Monday, January 08, 2007

The End

I was talking on the phone with my boss after lunch today, while looking out the window over the lake. I heard the geese first and I found myself, when I saw them, day dreaming about what they were doing, where they were going, and where I needed to be to interact meaningfully (shoot) with them. And then that bittersweet realization washed over me. I'm done...I don't need to continue the waterfowl vigil, the ever alert opportunistic catalog of the whereabouts and habits of the most wanted. A mixture of relief and sadness of the nostalgic variety gripped me momentarily, until the next thought sunk in...that I would sleep.

The second half of the waterfowl season was both frustrating and rewarding at once. Though limits were hard to come by, I took pride in rarely going home empty handed the entire second half, and I hunted all but two days of the two week season. I derived immense satisfaction in finally seeing it all come together a few times without being under the watchful eye of the teachers, the mentors. Both Eric and I shared this as an important goal, to prove to ourselves that we could do this thing, alpha to omega, soup to nuts, on our own. It was not dissimilar to, in the movie "A River Runs Through It," the point at which the young fly-fisherman played by Brad Pitt finds his own casting rhythm and style and is successful, a fact not lost on his father and brother in the movie. This season, I felt I came into my own. This is, of course, not the end.

Fiona ended up with 43 retrieves this year, almost half of which were during one amazing dozer pile duck hunt. I hoped to get her to 45, and Jim and I almost did, on the last day of ducks. Three ducks were brought to hand that day- by Rich’s dog McPhee. When it was Fiona’s turn, the wind had changed drastically, and the two ducks we managed to knock down gave us the slip in the wavy chop. Fiona is 12 years old in a couple of months. God, do I dread the end.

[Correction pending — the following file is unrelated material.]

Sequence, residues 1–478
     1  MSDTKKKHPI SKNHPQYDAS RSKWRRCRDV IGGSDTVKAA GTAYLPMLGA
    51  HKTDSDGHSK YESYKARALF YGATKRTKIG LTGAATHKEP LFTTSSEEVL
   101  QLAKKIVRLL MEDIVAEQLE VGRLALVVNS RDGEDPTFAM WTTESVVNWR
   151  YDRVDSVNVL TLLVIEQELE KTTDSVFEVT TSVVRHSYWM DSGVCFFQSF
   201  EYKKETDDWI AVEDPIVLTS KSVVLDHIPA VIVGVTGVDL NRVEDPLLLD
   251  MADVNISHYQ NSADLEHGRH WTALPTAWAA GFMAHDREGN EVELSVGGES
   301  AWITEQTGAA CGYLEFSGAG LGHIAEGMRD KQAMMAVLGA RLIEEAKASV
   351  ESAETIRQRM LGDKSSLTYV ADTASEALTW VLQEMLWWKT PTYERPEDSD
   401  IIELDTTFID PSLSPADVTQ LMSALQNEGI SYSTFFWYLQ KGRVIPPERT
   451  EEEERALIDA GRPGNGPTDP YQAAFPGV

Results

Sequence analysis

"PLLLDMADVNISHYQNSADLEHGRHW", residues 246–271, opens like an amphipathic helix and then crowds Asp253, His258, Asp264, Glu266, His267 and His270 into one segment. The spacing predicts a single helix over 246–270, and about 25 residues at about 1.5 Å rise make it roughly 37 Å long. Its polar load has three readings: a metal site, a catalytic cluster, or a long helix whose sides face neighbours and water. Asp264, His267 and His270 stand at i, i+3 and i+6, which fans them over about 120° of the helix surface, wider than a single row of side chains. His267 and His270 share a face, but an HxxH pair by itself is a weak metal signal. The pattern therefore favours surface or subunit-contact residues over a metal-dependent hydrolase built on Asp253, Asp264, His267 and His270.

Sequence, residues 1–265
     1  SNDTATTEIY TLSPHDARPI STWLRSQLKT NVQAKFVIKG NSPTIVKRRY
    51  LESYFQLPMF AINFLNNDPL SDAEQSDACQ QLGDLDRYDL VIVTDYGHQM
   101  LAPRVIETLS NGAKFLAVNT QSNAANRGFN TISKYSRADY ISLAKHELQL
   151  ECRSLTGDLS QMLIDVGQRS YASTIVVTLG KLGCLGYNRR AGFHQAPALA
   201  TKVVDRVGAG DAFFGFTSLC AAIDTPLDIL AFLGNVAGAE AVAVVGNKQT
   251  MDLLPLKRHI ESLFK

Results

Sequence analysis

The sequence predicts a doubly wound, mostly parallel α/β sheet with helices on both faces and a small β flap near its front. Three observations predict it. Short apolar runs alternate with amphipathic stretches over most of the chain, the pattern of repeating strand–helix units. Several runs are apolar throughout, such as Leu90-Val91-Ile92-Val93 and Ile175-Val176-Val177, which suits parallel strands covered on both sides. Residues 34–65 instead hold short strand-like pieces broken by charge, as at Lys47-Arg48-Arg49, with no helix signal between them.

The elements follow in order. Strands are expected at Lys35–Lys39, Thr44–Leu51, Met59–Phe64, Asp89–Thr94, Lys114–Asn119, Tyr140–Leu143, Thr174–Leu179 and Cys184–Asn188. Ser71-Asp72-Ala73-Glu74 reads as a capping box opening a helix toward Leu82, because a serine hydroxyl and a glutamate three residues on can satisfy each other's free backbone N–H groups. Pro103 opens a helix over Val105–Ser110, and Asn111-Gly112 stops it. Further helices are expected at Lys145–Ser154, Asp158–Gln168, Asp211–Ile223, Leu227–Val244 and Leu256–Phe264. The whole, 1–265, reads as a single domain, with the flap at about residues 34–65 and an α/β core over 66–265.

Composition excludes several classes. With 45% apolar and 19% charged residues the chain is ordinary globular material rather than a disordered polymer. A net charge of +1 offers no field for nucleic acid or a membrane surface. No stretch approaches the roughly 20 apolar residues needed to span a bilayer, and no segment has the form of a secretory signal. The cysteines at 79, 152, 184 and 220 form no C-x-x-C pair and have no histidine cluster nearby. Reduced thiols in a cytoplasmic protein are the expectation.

Today was the last day of goose hunting for me. And for Eric and Nick, who had chalked up 118 retrieves by sundown last night. Our goal was to get Nick over 120. The weather today was extraordinary...snow, sun, driving rain, wind, hail, blue skies. The geese were flying, but struggling and reluctant to put down just anywhere. We were fortunate to be hunting near the quarry, ideal shelter on a day like today. We scratched down two by eleven, and Nick was at 120. The highlight was seeing more snow geese in the sky than I ever thought possible at one time. The lowlight was missing a once in a lifetime double opportunity as birds came dumping in to the spread as we were picking up. I don’t mean two birds with two shots, I mean two birds with one shot, as two kamikaze geese hovered inches from each other over the decoys at 40 yards, and at one point overlapped perfectly. What can I say, it was windy. But that won’t be the last word, not on shooting, not on calling, not on hunting...but it was the end of the season, which of course, God willing, is not the end. Then again, if it was the end, I have few complaints.


Vicar(ious) said...

A nice entry, Keith.
Old dogs: bittersweet moments.
Finally snowing.

Anonymous said...

Thanks Rich. Lovely comment in haiku form. Great to see you here, and of course, over the weekend!!

And oh, by the way, you forgot a gun here at Canoga Creek Farms.

Anonymous said...

Thanks for another great season of hunting and stories!

Anonymous said...

(That last comment was from Mr. Bill)

Vicar(ious) said...

Forgotten firearm??
Shame and humilation?
No problem: Pete's gun!

Anonymous said...

Very nice entry.

The season is still open here. Goose season will go on until February 8th. I'm now one of the few hunters left in the field. My son and I took a single duck last weekend, aided by the open water below the power plant. We were the only ones out, at the temperature was below 0.

I always feel a thrill, and a bit melancholy, when the geese fly over my office, which they do quite regularly, and will for the rest of the winter. They're headed for the new golf course, where the refinery once was. The golf course is an improvement over the refinery, although I tend to view all golf courses as a wasted hay field, but I wish they'd let me put a blind out on that thing.